So 2017 is on the horizon and here I sit at ten minutes past ten at night in the living room of our apartment here in Madison, Wisconsin and I must admit that I am reflective.
It has been some months since my last contribution to the pages of this blog, a hiatus that can be explained by work, lack of sleep, the endless turning of the wheel of the rat race and, obviously my mixing of metaphors. However it all adds up to the same thing. Life can get busy and when your life is caught up in the gradual transition from one culture to another, it seems somehow busier.
The legal process of leaving Country A for Country B, can be a lengthy one and when, on top of that, the person you love is in Country B and you still in Country A, is can seem interminable. On top of that, there is the adjustment to a new country and its way of life. So Mrs Geekrant and myself can find ourselves feeling rather burnt out from time to time. That's not to say that we're unhappy, far from it! However it is natural to wish that the merry-go-round that is existence would slow down for a while. Give us chance to catch our breath.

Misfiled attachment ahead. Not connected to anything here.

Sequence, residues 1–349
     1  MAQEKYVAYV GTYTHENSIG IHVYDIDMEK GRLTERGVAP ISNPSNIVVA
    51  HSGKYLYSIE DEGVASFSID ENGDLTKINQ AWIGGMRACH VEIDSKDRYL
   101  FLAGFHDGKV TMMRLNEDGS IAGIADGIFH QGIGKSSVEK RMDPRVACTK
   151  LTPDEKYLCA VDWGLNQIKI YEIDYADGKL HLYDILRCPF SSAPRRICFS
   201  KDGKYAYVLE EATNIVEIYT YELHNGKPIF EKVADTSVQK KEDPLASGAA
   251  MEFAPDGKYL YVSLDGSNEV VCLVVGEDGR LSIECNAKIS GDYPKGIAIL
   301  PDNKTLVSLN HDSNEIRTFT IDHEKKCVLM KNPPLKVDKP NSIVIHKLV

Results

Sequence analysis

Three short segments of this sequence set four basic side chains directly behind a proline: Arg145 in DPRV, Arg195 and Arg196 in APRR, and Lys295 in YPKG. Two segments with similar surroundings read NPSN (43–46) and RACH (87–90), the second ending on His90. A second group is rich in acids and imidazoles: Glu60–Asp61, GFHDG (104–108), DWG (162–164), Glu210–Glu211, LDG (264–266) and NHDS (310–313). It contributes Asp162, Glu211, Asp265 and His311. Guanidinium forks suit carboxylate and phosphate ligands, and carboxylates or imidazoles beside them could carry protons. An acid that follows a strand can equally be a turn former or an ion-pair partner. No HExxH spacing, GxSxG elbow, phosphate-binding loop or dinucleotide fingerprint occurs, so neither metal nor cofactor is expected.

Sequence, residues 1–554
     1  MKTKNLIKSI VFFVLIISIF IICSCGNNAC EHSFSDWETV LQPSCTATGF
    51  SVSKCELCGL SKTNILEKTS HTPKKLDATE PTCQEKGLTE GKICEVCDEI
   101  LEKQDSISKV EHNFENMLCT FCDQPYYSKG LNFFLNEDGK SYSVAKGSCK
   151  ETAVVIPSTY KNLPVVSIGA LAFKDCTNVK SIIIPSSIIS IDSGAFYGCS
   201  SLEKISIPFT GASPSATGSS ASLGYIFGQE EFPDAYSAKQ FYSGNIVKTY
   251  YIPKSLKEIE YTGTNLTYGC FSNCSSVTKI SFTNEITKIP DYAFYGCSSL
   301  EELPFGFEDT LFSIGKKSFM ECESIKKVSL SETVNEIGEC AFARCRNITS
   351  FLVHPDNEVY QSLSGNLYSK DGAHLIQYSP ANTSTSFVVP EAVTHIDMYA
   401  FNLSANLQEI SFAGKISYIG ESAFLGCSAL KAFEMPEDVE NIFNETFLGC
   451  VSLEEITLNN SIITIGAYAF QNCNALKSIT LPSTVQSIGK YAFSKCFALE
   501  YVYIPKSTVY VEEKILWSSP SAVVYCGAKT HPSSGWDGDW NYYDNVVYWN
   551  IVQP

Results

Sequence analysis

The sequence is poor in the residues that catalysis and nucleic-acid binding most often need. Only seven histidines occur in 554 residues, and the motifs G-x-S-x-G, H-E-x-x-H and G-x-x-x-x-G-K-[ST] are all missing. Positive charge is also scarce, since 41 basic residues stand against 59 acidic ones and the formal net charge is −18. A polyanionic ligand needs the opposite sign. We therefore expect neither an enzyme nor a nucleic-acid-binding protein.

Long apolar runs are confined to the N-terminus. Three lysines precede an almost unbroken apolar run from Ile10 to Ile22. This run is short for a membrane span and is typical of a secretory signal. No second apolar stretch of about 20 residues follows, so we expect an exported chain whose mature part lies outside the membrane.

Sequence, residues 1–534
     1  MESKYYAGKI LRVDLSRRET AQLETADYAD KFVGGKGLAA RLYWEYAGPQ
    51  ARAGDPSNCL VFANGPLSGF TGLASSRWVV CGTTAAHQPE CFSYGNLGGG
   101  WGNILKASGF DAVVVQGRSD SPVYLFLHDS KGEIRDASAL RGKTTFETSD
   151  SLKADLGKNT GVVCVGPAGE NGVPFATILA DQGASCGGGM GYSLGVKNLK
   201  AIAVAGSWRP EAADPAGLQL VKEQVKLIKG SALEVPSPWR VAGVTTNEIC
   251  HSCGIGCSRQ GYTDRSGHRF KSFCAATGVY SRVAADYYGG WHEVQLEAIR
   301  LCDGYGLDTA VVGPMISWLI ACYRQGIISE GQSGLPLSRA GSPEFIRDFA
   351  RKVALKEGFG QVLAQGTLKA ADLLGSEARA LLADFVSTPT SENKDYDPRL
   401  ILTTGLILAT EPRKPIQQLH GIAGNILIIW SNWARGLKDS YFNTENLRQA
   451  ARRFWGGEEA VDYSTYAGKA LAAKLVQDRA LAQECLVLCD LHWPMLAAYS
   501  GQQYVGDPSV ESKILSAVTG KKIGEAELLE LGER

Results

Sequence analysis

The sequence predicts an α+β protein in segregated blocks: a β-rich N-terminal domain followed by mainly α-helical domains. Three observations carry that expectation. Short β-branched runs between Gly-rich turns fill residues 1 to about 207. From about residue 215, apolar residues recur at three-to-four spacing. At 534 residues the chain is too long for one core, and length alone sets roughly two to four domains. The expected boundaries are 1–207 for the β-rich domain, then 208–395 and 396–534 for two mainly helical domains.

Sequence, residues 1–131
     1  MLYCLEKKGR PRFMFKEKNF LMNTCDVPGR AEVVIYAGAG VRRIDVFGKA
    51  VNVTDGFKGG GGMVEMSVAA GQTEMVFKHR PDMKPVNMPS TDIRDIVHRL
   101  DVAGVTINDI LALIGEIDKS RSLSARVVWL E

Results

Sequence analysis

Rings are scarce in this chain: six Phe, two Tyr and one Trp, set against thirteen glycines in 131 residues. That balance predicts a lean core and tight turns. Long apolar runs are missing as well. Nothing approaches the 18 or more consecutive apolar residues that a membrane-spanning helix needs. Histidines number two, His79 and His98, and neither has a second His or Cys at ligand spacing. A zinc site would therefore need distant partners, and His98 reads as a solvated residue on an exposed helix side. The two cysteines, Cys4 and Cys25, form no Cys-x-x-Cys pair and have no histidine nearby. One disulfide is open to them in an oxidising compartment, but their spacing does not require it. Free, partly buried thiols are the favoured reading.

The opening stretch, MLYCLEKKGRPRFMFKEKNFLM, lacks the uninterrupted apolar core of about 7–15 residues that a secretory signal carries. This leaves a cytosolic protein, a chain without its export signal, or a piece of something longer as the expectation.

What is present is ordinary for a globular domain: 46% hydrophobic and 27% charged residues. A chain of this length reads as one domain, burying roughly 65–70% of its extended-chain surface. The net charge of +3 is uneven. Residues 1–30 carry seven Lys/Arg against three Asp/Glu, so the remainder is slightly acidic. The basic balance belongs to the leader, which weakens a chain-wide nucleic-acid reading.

So, as I said, I'm reflective. I'm sitting here, caught in a strange moment. Everything and everyone that I ever knew lies in 2017, 6 hours ahead of me on the other side of a rather large body of water; Mrs Geekrant, myself and our life here hangs tenuously on to 2016.
It feels quiet with a kind of stillness, the night seems silenced of its noisiness of city living. The ever-present distant hum of traffic stilled. Everyone is out somewhere at New Year's Eve's parties and the city centre is undoubtedly rife with revelers, heaving with humming hostelries and busy bars.